Ant-Man and Friends in Hualian

A Jingju Hualian – Beijing Opera Painted Face – inspired teaser poster, that highlights to Chinese audiences that Black PantherVision, and Ant-Man all belong to the MCU (Marvel Cinematic Universe).

…. actually, this might be for Captain America: Civil War, but that’s besides the point!

But, when Hollywood marketing teams are in charge of creating the Chinese movie poster for their upcoming tentpole release you get something like this:

Star Wars: The Force Awakens

Blackface during Chinese Spring Festival Gala TV performances? OK! …. but, let’s make the black male lead a little tinier, and stuffed between all the cool looking droids & spaceship, because you know….

Yep, this happened…..

Wakanda forever?

Wow, this article got socially-politically charged in ways that was not planned. Maybe, I am channeling my inner Ta-Nehisi Coates, but with a worse writing style?

But, I digress?

Chinese movie posters are one of the most interesting things going on in modern Chinese cinema to date, with some cool work that harks back to Chinese traditional artwork. While others are just trying to find their own style, in a medium that is really taking off to find its own.

From great original animated works, that has influence in Japanese anime, but is finding its own voice in Chinese 2D Culture.

Dahufa
Big Fish and Begonia

To live-action wuxia films that takes inspiration traditional Chinese Inkwash painting, and also remind us of the heyday of Japanese samurai black & white cinema in the 60s.

Hou Hsiao-Hsien’s The Assassin
A little more traditional Inkwash technique that is very well used in Chinese posters.

To some crazy D&D shit!

Mojin: The Lost Legend

To the modern fantasy that China loves so dearly.

Monster Hunt
Mojin: The Lost Legend

China has some really great work and unfortunately, I am not aware of; who these art studios are, if they are done in-house, or if it is a series of artist who is producing the majority of these works???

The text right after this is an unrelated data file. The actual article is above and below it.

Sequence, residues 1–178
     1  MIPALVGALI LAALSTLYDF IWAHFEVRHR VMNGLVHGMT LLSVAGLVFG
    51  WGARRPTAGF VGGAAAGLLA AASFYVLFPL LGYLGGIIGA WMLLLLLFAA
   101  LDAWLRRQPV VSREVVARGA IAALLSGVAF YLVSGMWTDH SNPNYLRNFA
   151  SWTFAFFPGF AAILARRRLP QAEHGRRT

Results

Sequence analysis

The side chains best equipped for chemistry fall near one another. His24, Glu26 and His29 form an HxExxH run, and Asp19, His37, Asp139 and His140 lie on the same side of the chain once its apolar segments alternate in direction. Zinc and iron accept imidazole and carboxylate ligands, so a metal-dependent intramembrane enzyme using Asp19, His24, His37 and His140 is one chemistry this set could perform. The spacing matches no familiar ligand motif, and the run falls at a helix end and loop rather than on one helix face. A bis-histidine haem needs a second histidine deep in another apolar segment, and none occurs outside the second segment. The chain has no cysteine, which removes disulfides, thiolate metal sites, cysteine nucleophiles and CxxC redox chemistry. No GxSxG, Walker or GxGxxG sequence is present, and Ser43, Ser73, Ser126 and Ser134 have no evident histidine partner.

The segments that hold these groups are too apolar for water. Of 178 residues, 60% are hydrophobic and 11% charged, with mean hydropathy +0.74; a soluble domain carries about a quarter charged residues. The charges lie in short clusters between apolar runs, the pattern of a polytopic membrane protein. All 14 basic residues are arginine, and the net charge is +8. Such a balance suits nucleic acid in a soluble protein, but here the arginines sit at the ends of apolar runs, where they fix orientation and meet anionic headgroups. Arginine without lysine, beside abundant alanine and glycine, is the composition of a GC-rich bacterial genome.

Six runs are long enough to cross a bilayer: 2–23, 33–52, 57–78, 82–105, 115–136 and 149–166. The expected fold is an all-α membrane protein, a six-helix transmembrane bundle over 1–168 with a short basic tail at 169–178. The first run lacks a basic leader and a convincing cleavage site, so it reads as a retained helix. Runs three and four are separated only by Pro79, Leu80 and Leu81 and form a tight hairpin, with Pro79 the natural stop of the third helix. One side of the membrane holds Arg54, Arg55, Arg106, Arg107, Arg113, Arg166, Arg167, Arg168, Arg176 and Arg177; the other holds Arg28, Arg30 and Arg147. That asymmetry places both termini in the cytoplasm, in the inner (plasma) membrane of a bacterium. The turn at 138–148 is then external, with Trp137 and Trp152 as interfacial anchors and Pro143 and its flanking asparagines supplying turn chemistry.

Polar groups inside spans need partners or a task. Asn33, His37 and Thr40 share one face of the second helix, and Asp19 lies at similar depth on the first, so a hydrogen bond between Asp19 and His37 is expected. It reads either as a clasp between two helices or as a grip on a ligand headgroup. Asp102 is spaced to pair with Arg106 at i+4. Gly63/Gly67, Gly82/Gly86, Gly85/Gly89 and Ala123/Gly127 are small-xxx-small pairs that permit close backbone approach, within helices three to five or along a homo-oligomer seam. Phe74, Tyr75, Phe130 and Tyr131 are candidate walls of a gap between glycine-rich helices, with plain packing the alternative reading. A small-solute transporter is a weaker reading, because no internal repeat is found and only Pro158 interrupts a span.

What I do know is, that there is an art revolution going on in China among young (I suspect young…) artist in the field of Chinese cinema one-sheets.

If you have any information regarding movie posters, please feel free to reach out or comment below.

If you have any personal favorites, please paste them into the comments below.

As I would love to share with the rest of my fellow China Watchers what is available in the Middle Kingdom, and how Hollywood could learn to go back to its poster roots.

Stay tuned China Watchers

Part of this article originally appeared on LinkedIn Publishing in Feb. of 2018.

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About the Author
Born and raised in the Missouri-Ozarks Ryan studied Film Production, and East Asian Culture, at the University of Kansas where he was a UGRA recipient that led him on a seven-year long, Journey From the West, to China. Where he worked with Warner Brothers, the China Film Group Corp. and the National Bureau of Statistics of China. Before returning to the States, where he specializes in Chinese Anime & Comics, China’s Box-Office, and Chinese entertainment-tech industries. He has a dog in China, Abigail, and a dog in the Arkansas-Ozarks, King Blue, who help ease his anxiety of suffering from the “Two-Dimensional Complex” that is trying to understand the Culture Industry landscapes of the Middle Kingdom.